female student 3: The most impactful lesson I've had here during my time at Linnaea has probably been milking a cow. Because I haven't spent very much time with animals in my life and I really haven't been around large creatures it's been really amazing learning about building our relationship with such a large animal and also building trust with them. And then have been blown away by how much they've been giving to me as well as the community with all of the milk and yoghurt and cheese that we've been eating.


Leah singing cont'd


male student 3: Most impactful lesson my time here has been my time here has been about how plants are related to so many different things that I learned about in high school that I never quite grasped like sine waves and this kind of mathematic stuff that I never paid a lot of attention to. Now, through this course, I've sort of tied some of those things that I wasn't interested in high school, to growing food. So it's gotten me more interested or re-awakened an interest in all of the stuff that people tried to teach me in the past and I just wasn't ready to learn it.


female student 4: Kind of impossible to say what the most impactful lesson I've learned here is, because there's millions of them. Living with 11 people is like living with mirrors all the time, and learning how to function in community is life-changing and totally inspiring and challenging and frustrating and invigorating. And how do we live together and create relationships with each other and with our food.


Leah singing cont'd


female student 5: The most impactful lesson I've learned during my time here, there's so many, but definitely seeing and learning about all the different systems that keep me alive, whether it's like a food system, where my food comes from, the community and how the community's structured and how that provides the water and cleaning facilities and food systems that I need. And also, looking at tools, I was just so excited today, realizing how excited I am about sickles, and just the simple tools that a lot of my ancestors and parents and grandparents were familiar with and had been using for many generations, and just sort of rediscovering those through the program is something that's valuable.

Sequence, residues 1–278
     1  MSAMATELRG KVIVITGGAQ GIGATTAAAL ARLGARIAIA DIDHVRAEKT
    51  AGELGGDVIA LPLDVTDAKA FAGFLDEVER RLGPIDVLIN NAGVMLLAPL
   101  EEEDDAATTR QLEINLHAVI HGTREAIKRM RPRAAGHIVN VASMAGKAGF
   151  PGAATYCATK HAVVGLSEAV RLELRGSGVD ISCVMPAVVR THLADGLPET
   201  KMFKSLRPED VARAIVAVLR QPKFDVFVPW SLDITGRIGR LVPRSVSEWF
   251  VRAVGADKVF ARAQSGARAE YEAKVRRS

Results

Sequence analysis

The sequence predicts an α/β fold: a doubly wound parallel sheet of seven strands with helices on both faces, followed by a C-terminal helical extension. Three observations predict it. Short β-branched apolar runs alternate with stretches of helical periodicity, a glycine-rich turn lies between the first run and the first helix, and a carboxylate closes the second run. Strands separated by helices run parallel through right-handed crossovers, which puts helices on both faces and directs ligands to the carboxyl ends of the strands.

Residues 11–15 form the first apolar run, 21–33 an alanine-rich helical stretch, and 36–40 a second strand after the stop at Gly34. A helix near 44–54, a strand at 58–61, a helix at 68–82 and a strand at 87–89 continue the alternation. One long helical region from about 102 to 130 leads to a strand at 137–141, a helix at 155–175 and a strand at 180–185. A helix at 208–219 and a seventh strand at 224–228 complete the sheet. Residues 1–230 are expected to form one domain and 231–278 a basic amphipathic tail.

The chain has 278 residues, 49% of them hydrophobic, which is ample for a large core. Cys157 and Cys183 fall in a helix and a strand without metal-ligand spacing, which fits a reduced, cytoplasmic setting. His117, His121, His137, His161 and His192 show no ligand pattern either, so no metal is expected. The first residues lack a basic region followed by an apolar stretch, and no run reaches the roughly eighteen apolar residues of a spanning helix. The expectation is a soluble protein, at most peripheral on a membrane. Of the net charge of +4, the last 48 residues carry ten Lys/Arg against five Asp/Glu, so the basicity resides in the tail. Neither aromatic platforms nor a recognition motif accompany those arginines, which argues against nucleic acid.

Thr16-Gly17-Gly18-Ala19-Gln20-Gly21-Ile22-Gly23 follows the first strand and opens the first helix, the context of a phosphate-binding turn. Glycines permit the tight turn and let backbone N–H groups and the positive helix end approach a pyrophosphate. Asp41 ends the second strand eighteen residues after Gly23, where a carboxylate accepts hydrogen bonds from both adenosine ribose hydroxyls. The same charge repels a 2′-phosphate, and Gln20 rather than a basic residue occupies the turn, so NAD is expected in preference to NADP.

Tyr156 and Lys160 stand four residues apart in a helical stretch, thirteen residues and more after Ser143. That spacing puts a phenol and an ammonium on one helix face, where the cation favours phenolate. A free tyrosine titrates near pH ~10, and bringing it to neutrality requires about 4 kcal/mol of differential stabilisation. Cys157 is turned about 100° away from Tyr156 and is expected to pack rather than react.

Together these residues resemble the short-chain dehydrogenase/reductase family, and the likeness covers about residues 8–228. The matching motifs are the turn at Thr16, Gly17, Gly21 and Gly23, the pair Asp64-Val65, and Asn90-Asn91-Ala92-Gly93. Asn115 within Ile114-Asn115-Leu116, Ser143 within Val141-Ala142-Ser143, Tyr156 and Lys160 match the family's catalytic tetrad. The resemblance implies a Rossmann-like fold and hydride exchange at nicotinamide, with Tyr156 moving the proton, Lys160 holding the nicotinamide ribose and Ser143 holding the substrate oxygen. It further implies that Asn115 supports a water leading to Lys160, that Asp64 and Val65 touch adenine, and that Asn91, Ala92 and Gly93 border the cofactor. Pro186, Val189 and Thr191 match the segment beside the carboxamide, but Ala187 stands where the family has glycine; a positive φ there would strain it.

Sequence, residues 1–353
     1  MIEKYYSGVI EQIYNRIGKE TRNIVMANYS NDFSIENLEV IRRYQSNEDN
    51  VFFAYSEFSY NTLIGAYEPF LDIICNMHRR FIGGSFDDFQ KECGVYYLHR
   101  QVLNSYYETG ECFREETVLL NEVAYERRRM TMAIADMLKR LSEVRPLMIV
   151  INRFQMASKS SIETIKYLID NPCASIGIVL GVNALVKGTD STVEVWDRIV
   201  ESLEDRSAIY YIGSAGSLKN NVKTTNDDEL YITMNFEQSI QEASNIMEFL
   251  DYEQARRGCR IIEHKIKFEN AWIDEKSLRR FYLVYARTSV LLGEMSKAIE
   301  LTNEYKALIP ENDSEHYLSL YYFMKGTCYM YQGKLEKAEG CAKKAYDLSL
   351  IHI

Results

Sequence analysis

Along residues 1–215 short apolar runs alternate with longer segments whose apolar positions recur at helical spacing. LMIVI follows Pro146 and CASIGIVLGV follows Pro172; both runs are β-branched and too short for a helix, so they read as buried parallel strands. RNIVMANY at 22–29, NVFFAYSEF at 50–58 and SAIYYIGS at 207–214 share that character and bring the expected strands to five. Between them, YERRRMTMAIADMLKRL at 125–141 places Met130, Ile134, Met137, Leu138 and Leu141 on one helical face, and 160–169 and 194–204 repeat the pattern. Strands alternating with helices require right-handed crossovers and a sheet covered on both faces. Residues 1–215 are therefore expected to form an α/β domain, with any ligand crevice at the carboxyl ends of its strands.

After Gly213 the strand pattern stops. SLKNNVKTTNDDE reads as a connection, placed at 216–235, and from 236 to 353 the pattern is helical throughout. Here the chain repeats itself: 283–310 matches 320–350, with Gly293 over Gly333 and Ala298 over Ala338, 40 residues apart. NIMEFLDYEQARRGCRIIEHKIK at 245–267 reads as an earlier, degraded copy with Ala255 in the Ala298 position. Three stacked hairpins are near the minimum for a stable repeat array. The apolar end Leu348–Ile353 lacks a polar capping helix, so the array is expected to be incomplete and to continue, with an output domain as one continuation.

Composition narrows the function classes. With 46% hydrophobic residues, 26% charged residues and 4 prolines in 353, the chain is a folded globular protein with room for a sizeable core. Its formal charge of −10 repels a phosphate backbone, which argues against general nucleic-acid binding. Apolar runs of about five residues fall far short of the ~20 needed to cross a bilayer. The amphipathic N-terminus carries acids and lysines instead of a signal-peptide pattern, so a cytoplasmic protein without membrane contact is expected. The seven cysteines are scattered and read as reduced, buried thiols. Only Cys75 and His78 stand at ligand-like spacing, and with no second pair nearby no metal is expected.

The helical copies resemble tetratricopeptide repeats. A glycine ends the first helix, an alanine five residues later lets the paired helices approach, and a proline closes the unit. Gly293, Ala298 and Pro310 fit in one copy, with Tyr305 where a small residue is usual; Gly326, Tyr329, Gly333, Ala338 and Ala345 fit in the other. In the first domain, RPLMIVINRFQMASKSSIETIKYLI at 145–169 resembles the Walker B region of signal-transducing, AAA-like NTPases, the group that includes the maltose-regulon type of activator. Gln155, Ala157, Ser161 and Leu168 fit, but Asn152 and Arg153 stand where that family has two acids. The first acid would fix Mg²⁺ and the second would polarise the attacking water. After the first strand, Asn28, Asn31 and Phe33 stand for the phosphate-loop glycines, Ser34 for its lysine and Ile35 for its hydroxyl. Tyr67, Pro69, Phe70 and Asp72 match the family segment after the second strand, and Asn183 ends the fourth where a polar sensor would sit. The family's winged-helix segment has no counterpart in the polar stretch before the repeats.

Leah singing cont'd


JS: This is Deconstructing Dinner where we've been listening to students who were enrolled in Linnaea Farm's 2008 garden program. Linnaea Farm is located on Cortes Island, British Columbia.


farm animal sounds


male student: I'm going to be feeding the pigs some leftover mash from some beer-making, they are really excited about this (JS: from here?) Yeah. (JS: do they know that's it's beer?) I think that they can sense there's a little bit alcoholic, a bit sweet, I think they're going to like it.


JS: Garden program founder David Buckner on past graduates of Linnaea Farm, and where they are now.


DB: One of our youngest participants was 15, I think, maybe 16 when she started. She went on to work from here at Hollyhock, and does her own garden business for other people on the island and has just left the island. But she is a very accomplished gardener now we're talking 20 years ago. Jeff Johnson, who has worked for years at the Victoria Compost Education Centre and has now started his own nursery business, and you know, is far more knowledgeable now about a lot of permacultural plants than myself. Christopher Shine in the San Francisco Bay area has done a lot of work in poorer communities, getting people involved in gardening. And David Castle now he's working with Glen Valley Community Farm in Abbottsford. So yeah, our graduates are going on to make a difference.


male student 1: My time here at Linnaea has definitely encouraged me to be a farmer. I am farmed and dangerous. I'm in it for good. I realize that it's the greatest contribution that I can make to community sufficiency and towards a just world.


female student 1: My time at Linnaea Farms has definitely encouraged to be a farmer. I've had a few visits to the city and my favourite thing to say to people who are constantly wanting to know what I do for a living to make money, is that I'm a farmer. And I feel like it's a revolutionary act in our North American culture to be a farmer, and all the farmers I've met...most of them have been joyfully, amazingly vibrant, happy people. And I feel a lot of pride in growing food, and I may not be a farmer in the sense that I'll commit myself to growing huge fields of food, but wherever I am I hope to be farming something on some scale. And I hope to support other farmers.


female student 2: I think just like Kim and Leah said, I definitely want to be farming in my life, but I really want to be encouraging people with my skills, to be growing food for themselves and understand how to be practicing permaculture within their own lives.